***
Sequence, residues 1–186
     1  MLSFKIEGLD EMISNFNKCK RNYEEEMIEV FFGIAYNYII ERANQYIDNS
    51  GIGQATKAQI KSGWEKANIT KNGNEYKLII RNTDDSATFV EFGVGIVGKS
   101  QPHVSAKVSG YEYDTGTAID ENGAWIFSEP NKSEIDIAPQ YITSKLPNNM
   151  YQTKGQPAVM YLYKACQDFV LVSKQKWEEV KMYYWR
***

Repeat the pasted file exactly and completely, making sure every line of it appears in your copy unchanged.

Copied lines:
Sequence, residues 1–186
     1  MLSFKIEGLD EMISNFNKCK RNYEEEMIEV FFGIAYNYII ERANQYIDNS
    51  GIGQATKAQI KSGWEKANIT KNGNEYKLII RNTDDSATFV EFGVGIVGKS
   101  QPHVSAKVSG YEYDTGTAID ENGAWIFSEP NKSEIDIAPQ YITSKLPNNM
   151  YQTKGQPAVM YLYKACQDFV LVSKQKWEEV KMYYWR